You are the only woman Vice-Presidential candidate, but that is not what sets you apart from the others aspiring for the same position.

What makes you stand out is your unique brand of tsinelas leadership.

Some people would ask,” Ano po ba ang tsinelas leadership?”

A legacy of your late husband, tsinelas leadership encapsulates your qualities of connecting with the poor and marginalized whom you serve, of keeping your close ties with the masses, and of breaking barriers through accessibility. It is the readiness to get your feet wet and dirty in doing your job. It stands for good governance and genuine public service.

It is the leadership quality that is conspicuously lacking in most of our government officials and politicians today.

While members of Congress are known for their opulent lifestyles, ostentatious display of wealth and power, and patent style of grandstanding, you have managed to stay simple, humble, unassuming and practical.

You take the public bus in going to and from Naga every week, you constantly visit your constituents, you live in the same apartment unit where you and Sec. Jesse started your family, you bring your youngest daughter to school each morning before you go to work, you do your own grocery, and you shun the limelight (you were even caught using the backdoor entrance of the Batasan plenary hall to avoid the SONA red carpet).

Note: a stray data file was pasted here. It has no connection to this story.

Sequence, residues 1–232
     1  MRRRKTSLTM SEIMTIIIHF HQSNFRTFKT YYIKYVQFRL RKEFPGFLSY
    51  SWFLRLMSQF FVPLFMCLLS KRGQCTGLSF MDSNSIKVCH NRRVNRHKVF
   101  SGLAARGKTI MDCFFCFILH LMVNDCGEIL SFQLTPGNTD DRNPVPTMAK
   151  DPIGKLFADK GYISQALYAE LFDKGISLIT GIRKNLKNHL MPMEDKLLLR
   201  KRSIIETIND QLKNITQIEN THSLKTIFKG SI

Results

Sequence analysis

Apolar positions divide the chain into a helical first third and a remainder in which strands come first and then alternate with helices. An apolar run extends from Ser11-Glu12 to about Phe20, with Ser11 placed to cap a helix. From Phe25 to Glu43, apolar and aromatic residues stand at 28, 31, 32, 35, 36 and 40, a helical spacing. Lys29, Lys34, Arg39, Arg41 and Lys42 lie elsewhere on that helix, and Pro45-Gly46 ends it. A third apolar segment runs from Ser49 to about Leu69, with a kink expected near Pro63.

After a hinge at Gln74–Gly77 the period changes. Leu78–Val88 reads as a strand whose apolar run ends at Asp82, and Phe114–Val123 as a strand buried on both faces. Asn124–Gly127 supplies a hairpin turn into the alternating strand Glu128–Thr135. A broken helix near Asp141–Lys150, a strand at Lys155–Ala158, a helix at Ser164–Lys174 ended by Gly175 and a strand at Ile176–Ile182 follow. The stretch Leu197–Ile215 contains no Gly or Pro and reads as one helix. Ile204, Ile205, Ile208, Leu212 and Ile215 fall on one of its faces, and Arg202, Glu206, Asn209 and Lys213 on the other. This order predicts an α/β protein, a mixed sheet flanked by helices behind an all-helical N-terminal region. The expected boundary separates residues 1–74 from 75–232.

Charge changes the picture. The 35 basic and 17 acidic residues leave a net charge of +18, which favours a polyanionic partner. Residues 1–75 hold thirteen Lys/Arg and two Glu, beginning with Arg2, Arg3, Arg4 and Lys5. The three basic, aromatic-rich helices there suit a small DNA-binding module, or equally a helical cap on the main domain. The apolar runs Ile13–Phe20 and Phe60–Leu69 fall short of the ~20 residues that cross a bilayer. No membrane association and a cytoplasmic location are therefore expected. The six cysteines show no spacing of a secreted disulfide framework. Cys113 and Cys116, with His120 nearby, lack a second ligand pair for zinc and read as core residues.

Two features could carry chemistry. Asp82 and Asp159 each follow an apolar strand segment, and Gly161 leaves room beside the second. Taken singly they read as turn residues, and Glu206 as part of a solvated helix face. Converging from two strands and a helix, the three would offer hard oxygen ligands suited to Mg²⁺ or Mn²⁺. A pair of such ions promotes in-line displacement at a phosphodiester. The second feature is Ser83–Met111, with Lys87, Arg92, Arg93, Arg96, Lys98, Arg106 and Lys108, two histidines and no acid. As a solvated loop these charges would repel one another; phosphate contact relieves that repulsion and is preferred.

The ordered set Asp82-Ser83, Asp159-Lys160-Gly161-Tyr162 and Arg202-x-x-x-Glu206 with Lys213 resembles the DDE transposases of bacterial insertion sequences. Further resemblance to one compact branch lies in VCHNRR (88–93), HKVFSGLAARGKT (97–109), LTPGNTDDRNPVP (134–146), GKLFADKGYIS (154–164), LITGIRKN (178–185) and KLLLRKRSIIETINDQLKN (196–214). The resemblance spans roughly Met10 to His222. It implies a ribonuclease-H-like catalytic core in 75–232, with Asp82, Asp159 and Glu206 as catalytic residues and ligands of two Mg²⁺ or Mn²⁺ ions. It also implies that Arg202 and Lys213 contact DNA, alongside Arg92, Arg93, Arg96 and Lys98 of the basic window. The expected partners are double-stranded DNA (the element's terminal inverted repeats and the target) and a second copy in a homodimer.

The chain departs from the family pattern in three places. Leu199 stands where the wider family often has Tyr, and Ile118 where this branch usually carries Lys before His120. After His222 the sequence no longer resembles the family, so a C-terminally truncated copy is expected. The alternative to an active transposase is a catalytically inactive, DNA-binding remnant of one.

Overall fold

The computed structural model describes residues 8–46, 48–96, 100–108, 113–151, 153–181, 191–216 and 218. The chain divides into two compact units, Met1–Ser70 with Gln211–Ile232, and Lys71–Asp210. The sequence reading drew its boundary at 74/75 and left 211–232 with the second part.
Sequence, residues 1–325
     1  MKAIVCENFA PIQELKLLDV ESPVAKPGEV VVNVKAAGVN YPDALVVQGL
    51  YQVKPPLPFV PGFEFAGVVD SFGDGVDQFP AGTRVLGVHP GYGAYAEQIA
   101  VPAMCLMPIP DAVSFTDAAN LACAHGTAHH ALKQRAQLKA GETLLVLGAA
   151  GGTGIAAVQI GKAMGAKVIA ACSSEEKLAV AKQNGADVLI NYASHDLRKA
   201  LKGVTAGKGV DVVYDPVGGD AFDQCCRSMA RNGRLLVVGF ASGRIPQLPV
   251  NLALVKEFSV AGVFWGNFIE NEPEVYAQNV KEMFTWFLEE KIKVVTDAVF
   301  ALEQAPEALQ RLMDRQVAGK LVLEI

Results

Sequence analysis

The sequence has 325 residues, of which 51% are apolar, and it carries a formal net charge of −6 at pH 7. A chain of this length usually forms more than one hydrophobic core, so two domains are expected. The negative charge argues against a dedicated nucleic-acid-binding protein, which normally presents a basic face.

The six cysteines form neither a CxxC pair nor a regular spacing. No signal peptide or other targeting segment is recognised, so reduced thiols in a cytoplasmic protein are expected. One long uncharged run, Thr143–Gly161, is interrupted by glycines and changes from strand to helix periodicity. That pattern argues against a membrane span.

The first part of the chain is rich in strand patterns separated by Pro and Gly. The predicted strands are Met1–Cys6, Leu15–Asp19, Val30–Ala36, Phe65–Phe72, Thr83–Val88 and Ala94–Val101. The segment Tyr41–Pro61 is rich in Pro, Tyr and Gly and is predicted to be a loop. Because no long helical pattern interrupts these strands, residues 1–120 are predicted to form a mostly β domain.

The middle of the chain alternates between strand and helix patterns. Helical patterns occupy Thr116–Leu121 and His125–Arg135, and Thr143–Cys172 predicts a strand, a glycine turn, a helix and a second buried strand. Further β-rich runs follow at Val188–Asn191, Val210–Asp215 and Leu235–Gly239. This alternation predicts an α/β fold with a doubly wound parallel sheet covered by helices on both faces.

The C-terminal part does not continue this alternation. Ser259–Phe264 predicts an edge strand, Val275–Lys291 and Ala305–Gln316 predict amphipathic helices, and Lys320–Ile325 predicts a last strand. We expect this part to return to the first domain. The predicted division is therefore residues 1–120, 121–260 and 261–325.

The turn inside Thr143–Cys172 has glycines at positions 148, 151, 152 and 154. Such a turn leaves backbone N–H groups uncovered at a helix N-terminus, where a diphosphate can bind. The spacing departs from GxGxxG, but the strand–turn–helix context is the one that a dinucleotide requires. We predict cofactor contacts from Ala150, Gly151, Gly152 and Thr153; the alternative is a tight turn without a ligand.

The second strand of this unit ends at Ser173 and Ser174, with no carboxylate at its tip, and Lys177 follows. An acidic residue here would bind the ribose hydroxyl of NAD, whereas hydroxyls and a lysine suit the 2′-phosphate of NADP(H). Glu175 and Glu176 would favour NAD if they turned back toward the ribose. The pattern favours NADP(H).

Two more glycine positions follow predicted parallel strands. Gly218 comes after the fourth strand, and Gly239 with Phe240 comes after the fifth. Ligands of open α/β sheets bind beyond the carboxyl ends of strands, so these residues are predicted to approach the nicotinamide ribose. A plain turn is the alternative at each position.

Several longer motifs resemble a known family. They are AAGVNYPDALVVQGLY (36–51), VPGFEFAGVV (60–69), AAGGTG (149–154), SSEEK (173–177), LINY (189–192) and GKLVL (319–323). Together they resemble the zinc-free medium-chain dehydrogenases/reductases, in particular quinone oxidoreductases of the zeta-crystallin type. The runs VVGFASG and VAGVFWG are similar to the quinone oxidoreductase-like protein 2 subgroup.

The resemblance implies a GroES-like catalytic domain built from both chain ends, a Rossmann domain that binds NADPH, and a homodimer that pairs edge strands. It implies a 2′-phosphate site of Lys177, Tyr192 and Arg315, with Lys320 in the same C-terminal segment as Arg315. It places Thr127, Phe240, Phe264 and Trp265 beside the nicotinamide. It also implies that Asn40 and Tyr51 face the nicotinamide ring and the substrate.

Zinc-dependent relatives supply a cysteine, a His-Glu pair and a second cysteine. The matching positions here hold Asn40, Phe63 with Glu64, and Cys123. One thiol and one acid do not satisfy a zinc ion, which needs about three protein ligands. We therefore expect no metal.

In an interview, you said that simplicity is a commitment for your family so you will “remain rooted and avoid getting tempted and becoming used to the perks and privileges that come with the job”.

If only all our politicians could be like you, Ma’am, corruption would now be a thing of the past.

But that’s just it.

You are not a politician.

You are a public servant.

Even before you were thrust into the chaotic world of politics by the untimely demise of Sec. Jesse, you were already serving the people. For free. As an advocate lawyer, you were helping the farmers through your affiliation with Saligan, and the oppressed and the indigent sectors through the Public Attorney’s Office.

Being a staunch champion of women’s empowerment and gender equality, you helped establish and chaired the Naga City Council for Women to give women a voice in governance and decision-making. You also founded the Lakas ng Kababaihan ng Naga to provide training and livelihood opportunities for the women of your beloved hometown.

When you got elected in 2013 as the representative of the 3rd district of Camarines Sur, you were able to author or co-author a total of 14 laws and 121 bills.

Ma’am, that was quite a feat for any political novice!

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According to one brilliant lawmaker, Filipinos should choose their next leaders based on three standards — academic excellence, professional excellence and moral excellence.

Please join me, Ma’am, in evaluating your five VP opponents with reference to these standards.

Alan Peter Cayetano

A graduate of the Ateneo Law School, Cayetano entered politics at a young age. Hardworking and passionate, he is known to espouse worthy causes. He fearlessly exposes and relentlessly investigates government officials involved in illegal activities.